What are the benefits? For example, you have come into the possession of the unique card (gun, skin, artefact, etc.). It won’t be just a server record that can be lost once the server crashes or the game is no longer supported. This is going to be the unique token in the blockchain network, remaining your property for as long as this network exists. You can swap it, present as a gift or sell. Moreover, there are instances of crypto games where the circulation of tokens is not constrained within the original game — they can be used in other projects as well. In Ether Kingdoms, one can equip the protagonist with a kitten from CryptoKitties — it will enhance certain attributes.
In Crypto Card Duels, we will use the tokens circulated on the Expload platform (temporary name — GameToken). This is going to be a fixed-rate stablecoin, which is convenient and easy for players. In exchange for GameToken, one can acquire unique card boosters. Further down the road, players will enjoy competing in tournaments (entry fee payable), where the winner is awarded with GameToken. Finally, the unique cards will serve as individual crypto assets in analogy with ERC-721 tokens. They can be sold or exchanged inside Expload’s ecosystem — we will charge a small fee for this.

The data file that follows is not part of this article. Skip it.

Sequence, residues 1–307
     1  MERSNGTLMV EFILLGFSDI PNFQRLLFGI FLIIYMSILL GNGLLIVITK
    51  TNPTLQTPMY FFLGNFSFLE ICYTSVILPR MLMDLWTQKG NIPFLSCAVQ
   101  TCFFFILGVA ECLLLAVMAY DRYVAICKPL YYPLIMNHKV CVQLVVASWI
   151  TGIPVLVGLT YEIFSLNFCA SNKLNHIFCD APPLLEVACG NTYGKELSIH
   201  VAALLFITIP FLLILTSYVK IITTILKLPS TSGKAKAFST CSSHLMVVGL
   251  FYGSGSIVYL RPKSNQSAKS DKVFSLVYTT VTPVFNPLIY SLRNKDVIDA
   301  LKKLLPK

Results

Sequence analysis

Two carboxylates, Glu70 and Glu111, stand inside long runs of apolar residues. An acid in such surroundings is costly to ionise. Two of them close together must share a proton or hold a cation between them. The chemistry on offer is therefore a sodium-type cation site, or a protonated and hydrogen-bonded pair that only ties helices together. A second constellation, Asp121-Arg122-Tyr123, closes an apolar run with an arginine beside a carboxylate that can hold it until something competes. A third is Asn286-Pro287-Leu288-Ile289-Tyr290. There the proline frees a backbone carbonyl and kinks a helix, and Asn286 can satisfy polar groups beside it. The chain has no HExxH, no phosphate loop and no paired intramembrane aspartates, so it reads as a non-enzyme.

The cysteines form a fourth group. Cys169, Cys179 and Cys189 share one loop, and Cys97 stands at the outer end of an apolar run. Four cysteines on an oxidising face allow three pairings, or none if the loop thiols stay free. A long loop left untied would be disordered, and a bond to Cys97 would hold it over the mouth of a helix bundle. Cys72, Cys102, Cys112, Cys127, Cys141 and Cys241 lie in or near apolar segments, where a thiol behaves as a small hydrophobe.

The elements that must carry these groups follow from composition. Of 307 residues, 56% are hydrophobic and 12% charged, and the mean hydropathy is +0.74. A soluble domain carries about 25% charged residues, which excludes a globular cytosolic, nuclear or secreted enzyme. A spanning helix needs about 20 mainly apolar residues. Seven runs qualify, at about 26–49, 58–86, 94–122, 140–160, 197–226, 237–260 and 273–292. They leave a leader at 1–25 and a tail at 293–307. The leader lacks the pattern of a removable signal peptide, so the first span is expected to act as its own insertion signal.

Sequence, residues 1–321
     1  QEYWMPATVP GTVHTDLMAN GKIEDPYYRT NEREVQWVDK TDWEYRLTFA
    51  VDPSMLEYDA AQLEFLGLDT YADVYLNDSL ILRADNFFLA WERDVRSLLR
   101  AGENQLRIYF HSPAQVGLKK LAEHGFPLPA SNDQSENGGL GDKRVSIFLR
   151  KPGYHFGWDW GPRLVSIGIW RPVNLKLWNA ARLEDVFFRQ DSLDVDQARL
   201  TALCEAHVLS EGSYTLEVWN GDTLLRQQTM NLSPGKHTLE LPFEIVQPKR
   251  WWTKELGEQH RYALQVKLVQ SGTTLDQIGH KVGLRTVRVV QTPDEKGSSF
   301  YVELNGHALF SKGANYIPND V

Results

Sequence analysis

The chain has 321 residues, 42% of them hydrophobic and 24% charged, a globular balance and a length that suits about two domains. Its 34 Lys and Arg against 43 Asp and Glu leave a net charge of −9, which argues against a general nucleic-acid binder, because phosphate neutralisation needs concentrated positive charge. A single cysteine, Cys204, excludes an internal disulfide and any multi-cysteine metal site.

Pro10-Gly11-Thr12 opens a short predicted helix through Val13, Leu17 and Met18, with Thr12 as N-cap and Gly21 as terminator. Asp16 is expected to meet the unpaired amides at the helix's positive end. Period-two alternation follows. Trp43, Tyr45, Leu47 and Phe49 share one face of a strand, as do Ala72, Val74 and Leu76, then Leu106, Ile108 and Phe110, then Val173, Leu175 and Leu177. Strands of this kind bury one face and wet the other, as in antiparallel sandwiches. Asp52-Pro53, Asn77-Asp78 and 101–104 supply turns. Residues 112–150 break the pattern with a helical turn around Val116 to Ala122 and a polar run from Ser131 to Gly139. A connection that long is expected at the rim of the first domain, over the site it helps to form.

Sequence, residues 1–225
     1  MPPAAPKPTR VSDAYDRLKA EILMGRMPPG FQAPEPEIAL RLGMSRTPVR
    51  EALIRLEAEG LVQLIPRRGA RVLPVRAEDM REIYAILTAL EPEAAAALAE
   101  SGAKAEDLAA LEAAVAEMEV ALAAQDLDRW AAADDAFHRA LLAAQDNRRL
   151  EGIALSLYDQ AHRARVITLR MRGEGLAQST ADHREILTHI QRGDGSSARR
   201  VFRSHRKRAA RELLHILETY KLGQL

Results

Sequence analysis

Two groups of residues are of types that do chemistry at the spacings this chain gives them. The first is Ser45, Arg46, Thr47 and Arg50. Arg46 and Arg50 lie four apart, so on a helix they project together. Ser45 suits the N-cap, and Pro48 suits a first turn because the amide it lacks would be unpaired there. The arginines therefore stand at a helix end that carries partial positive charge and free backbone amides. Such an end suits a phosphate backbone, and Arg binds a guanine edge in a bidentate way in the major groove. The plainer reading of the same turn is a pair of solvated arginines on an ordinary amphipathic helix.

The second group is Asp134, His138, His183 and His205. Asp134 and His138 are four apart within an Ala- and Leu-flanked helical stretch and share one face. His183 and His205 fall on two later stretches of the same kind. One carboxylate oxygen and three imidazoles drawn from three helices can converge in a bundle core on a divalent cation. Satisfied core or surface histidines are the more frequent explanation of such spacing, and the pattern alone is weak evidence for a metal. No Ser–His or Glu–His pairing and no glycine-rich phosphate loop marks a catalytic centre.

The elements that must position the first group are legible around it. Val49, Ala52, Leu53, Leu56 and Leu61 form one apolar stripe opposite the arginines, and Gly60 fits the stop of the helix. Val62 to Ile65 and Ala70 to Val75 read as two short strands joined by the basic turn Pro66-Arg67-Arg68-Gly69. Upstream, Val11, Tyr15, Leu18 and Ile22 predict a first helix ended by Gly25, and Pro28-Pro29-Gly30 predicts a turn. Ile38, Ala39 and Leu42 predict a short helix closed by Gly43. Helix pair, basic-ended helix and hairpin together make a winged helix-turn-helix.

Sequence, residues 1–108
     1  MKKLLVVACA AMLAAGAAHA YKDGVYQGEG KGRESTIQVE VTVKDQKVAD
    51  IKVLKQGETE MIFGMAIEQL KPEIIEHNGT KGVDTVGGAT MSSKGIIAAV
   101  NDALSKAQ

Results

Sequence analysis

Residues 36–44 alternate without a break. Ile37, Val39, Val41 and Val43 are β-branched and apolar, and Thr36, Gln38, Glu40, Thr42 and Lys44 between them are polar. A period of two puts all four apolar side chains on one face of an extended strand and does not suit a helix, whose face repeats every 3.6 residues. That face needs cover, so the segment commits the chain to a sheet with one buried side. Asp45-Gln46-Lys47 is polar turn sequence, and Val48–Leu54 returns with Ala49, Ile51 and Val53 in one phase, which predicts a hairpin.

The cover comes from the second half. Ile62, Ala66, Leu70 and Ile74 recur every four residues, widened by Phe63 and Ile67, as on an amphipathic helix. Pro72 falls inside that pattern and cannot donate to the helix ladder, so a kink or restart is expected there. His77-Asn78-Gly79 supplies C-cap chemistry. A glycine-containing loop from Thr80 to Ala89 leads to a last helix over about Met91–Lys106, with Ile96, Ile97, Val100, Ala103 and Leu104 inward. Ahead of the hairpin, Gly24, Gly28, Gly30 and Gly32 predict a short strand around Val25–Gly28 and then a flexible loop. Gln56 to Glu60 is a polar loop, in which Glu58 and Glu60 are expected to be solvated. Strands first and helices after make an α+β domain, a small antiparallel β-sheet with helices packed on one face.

Your portfolio is currently comprised of 7 running games. Were there projects that you had to close, and why?
Of course, there were. Over 9 years, we have released more than a dozen projects and, as you see, less than half of them are alive. Moreover, we don’t actively support all of the 7 projects. We presently have two headliners and three projects that are being developed intensively, two of which are scheduled for release in 2019, while the third — Crypto Card Duels — will be launched on your platform.
Any project implies risks. There’s not a single company that would hit ten out of ten. I wouldn’t be largely mistaken to say that 10% of games more or less make their way to the market, with only 10% going on to achieve commercial success. That’s why project closure as a potential scenario is duly considered at the earliest budgeting stage.
Were there any games that wouldn’t work as expected?